AI-Based Software Automating Mundane Workplace Chores

Artificial intelligence is making its way into the workplace via the back office, automating tasks in accounting, billing, payments and customer service, and is capable of scanning documents, filling out spreadsheets and checking accuracy of records. In early projects, AI bots are following simple rules, observing and making yes-no decisions rather than high-level choices. Bigger things are coming, especially from tech companies like IBM, Microsoft and Oracle, which partner with robotic automation startups.

The New York Times reports that, “two of the leading startups, UiPath and Automation Anywhere, are already valued at more than $1 billion,” and that one forecast predicts that “the market for the robotlike software will nearly triple by 2021.”


“This is the beginning of a wave of AI technologies that will proliferate across the economy in the next decade,” said Accel general partner Rich Wong, who is an investor in UiPath. This sector, dubbed robotic process automation, is made up of bots that rely on AI to do simple tasks. Research firm McKinsey & Company reports that, “nearly 60 percent of the companies with more than $1 billion in revenue have at least pilot programs underway using robotic automation.”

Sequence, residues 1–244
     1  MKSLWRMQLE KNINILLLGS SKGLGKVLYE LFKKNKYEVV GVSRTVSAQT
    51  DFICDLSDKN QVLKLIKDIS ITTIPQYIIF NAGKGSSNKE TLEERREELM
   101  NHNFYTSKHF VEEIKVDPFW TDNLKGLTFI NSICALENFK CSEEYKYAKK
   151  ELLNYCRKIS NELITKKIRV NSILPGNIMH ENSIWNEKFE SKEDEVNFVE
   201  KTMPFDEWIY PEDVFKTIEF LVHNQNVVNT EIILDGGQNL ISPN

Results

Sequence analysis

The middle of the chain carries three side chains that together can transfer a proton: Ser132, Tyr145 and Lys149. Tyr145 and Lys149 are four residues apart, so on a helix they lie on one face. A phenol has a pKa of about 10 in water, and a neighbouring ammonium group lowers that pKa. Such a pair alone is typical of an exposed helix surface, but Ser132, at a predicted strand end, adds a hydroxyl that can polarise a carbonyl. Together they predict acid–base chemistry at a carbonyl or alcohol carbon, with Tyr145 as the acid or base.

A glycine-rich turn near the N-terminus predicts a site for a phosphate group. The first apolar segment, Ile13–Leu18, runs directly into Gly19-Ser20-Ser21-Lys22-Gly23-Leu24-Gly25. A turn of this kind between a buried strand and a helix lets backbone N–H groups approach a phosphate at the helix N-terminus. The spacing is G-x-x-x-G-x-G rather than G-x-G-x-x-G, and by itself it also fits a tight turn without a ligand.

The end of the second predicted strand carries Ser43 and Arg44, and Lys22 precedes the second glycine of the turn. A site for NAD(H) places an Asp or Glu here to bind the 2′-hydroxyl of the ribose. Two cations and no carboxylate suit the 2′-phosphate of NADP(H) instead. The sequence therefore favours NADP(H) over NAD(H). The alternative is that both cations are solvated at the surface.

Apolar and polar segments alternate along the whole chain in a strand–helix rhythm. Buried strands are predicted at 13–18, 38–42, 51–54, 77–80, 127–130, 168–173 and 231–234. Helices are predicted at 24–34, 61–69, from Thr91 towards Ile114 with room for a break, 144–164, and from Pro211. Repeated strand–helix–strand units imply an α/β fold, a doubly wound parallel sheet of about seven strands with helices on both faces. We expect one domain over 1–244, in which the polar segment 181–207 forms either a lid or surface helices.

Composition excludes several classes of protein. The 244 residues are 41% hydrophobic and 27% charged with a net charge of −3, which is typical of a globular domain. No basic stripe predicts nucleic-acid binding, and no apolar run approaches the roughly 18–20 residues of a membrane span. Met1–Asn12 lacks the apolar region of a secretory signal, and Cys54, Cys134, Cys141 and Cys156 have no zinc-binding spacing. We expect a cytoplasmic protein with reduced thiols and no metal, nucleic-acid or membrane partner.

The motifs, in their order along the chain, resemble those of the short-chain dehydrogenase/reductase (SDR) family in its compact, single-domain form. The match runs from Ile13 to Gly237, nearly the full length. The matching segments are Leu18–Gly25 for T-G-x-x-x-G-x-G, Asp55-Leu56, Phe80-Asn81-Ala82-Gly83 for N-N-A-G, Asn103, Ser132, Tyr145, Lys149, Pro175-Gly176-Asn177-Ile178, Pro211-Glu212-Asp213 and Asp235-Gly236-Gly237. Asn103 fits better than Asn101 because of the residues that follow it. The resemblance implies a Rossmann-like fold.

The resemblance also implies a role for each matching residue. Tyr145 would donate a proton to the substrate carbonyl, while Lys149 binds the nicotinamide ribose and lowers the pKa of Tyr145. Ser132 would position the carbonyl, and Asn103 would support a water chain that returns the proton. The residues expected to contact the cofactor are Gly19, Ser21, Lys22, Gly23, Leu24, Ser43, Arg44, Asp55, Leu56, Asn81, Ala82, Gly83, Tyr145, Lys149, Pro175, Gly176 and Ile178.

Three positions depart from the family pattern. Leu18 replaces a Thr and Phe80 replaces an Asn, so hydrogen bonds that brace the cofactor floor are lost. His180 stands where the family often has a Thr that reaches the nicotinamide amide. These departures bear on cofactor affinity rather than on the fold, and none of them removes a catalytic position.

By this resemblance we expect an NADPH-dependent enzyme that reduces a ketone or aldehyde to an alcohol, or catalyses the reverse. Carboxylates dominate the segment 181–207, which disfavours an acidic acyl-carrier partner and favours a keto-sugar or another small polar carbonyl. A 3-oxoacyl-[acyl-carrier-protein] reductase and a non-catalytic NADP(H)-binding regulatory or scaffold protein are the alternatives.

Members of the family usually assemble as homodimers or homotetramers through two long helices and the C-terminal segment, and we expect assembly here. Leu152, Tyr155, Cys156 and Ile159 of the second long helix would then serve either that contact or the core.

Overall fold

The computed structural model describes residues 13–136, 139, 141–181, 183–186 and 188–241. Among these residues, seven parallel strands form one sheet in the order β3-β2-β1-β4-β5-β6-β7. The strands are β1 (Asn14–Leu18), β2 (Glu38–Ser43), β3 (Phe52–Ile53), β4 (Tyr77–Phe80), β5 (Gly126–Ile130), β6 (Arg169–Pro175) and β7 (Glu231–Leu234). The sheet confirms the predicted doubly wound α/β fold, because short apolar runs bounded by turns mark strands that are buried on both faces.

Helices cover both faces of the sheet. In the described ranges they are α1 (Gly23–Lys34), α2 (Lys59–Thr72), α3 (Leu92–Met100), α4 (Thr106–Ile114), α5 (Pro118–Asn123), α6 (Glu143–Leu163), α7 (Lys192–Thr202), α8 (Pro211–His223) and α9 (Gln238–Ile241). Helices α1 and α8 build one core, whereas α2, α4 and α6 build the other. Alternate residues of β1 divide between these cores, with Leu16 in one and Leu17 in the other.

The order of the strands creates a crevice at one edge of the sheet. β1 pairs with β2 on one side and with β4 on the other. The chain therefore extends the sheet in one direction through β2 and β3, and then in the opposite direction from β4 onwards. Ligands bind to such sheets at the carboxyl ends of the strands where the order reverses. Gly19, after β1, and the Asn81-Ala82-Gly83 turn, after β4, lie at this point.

Among the companies and government agencies adopting robotic process automation are General Motors, BMW, General Electric, Unilever, Mastercard, Manpower, FedEx, Cisco, Google, the Defense Department and NASA.

State Auto Insurance Companies in Columbus, Ohio got involved two years ago, and now has “30 software programs handling back-office tasks, with an estimated savings of 25,000 hours of human work — or the equivalent of about a dozen full-time workers — on an annualized basis, assuming a standard 2,000-hour work year.” Technology manager Holly Uhl, who leads the program, said cutting jobs isn’t the goal, but rather to increase productivity and revenue, while automating those tasks that drive workers crazy.

That’s in line with automation companies that “promote the bots as helpful assistants instead of job killers … liberating workers rather than replacing them.” But, according to analysts, AI-empowered software automation “will ultimately bring job losses.” Forrester Research predicted that, “by 2021, robotic automation technology will be doing the equivalent work of nearly 4.3 million humans worldwide.”

That doesn’t mean there will be 4.3 million layoffs, as “the bots may do work not previously done by humans, and people may move onto new jobs.” “But these initial bots will get better, and the task harvesting will accelerate,” said Forrester VP and principal analyst Craig Le Clair. “For workers, there will be a mix of automation dividends and pain.”